Saturday, April 16, 2011

Messages to healthy women - what they would have done differently before their cancer

The strongest stuff is sometimes found in the least likely of places, which was definitely the case with this powerful article. I saw a fragment of it on my friend's refrigerator, and ended up googling it down to a Czech fashion magazine. The article discusses what female cancer survivors would have changed in their lives now that they know what they know. I found the article so captivating (and important!) that I took the liberty of doing a fast translation into English and posting the result below. But as a quick summary, here are the common themes:
  • sleep, rest and relax more
  • don't put so much on your plate
  • spend more time with family
  • start putting yourself first
  • do not neglect ordinary illnesses (listen to the body)
  • don't be such a perfectionist
  • learn how to say "No" more often
  • and probably above all, like yourself more!
So basically nothing new, radical or surprising. How many times have most of us heard this stuff before? But are we doing it? Will we really need to experience a serious illness or crisis before we really do this stuff? Why is it so hard to actually listen to advice like this? As I have struggled with these issues as well -- and I believe that I have made lots of positive progress on them thanks to fabulous teachers -- I hope that through my blog I can provide some information and inspiration for how to actually begin with this stuff. Or how to get even better at it. Because I truly do believe that taking these messages seriously is extremely important!


Eat lots of vegetables, don’t smoke and exercise regularly -- we already know all that. But what would fifteen women really have done differently than before when they found out they have cancer? We asked them. It’s clear to them now.
Author: Marianne, Dana Mertová | 19. 02. 2009

Sleep and rest more
“I wouldn’t get so stressed out about every little thing or human stupidity. Lots of people can really hurt you mentally and actually get a kick out of it. 
I would also sleep at least eight hours per day and rest if I had just gone through a difficult time at work. It’s good to ‘turn off’ for some time and just do what you enjoy, take a walk or spend time with the family.”
Iveta, 37

Don’t be just a “good girl”
“I realized that my life is only my own and my decisions have the same weight as everyone else’s. I can always say my opinion, even if the others don’t like it. Before, I tried to act like a ‘good girl’, but I only suffered as a result of this. I also try to delegate more duties to my family. Not to grandmas and grandpas, but to my children and my husband. And, strangely enough, they are handling it patiently. But unfortunately I have to say that we realize these ‘truths’ only after we experience an illness. I would have never thought like this when I was healthy. Too bad.”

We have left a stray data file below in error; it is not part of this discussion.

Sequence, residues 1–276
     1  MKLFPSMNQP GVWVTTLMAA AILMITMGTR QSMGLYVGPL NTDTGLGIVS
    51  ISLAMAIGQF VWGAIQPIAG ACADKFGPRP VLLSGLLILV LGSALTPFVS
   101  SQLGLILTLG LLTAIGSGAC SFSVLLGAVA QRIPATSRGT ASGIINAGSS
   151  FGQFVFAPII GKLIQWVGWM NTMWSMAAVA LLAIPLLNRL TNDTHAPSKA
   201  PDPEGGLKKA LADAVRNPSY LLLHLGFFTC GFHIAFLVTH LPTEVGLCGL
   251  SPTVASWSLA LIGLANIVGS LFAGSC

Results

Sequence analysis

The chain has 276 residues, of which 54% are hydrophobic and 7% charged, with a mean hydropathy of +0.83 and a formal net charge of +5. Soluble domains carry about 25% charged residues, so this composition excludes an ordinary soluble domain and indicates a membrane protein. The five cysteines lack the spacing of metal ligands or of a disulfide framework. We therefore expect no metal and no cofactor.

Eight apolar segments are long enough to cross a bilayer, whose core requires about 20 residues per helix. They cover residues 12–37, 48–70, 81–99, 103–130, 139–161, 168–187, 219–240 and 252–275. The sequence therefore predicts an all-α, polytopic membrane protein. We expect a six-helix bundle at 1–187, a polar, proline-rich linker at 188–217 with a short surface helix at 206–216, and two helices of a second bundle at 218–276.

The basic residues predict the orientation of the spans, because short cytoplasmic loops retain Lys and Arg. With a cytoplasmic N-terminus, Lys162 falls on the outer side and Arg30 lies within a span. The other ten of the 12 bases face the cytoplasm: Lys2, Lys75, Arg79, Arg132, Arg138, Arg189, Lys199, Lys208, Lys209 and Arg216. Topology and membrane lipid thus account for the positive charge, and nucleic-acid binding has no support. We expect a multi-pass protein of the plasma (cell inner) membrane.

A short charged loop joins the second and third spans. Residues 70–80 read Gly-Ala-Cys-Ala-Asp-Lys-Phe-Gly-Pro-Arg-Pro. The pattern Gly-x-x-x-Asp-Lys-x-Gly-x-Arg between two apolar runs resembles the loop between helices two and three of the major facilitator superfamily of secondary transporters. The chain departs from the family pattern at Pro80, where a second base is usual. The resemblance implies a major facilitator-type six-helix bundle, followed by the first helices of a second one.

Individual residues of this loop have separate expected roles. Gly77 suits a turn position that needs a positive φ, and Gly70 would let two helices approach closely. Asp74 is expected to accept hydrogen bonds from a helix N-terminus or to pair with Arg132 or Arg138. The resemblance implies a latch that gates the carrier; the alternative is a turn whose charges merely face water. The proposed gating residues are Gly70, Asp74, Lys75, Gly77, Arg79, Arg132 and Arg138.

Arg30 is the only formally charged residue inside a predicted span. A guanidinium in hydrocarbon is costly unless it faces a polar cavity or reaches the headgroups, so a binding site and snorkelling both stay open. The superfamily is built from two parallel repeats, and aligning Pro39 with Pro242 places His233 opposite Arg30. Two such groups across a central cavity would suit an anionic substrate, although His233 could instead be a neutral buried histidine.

Věra, 33

Don’t put so much on your plate
“I would have chosen my tasks much more carefully and I wouldn’t have put so much on my plate. When you get the needed perspective, you discover that it doesn’t make any sense anyway. I also easily absorbed stress and nervousness from my surroundings. So today I am a freelancer, I work at home and that’s ideal for me. I am calm, focused, and I decide what I will do and how and when I will do it.” 
Eva, 53

Don’t cry over spilled milk
“Today I know that life should be taken seriously, but with reserves. Avoid stressful events and search for all positive things that excite us. Don’t cry over spilled milk and search for joy and satisfaction.”
Jarka, 65

Start putting yourself first
“Before my illness, I subordinated my life to my handicapped daughter who is in a wheelchair. Personal life and interests went aside. I lived in permanent stress whether everything would go well, whether my daughter wouldn’t get ill, whether I would be able to take care of her. I knew that I had to slow down and start thinking about myself, but I didn’t know how to do it.”
Marta, 51

Do not neglect the flu
“I would never neglect ‘ordinary’ flus, colds or other illnesses. It’s not heroism, but risking one’s health. Illnesses should be spent in bed. And I would definitely not smoke -- I quite before my first chemotherapy. And I don’t miss it.” 
Ivana, 54

Don’t rush 
“I didn’t smoke, I ate healthily, did sports and had a great man beside me. So where was the mistake? I didn’t want to notice fatigue -- hooray to events, sports, job, household work. Flus, colds, but mainly constant allergies -- I didn’t pay attention to any of them. If I could turn back time, I would listen much more to my body and what it’s telling me. Now I spoil myself, never rush, continue eating healthily, and I’ve also learned to rest and not stress out that I am behind on some things.”
Klára, 34

Don’t be so demanding
“What I would have done differently:

Above all: I would like myself more.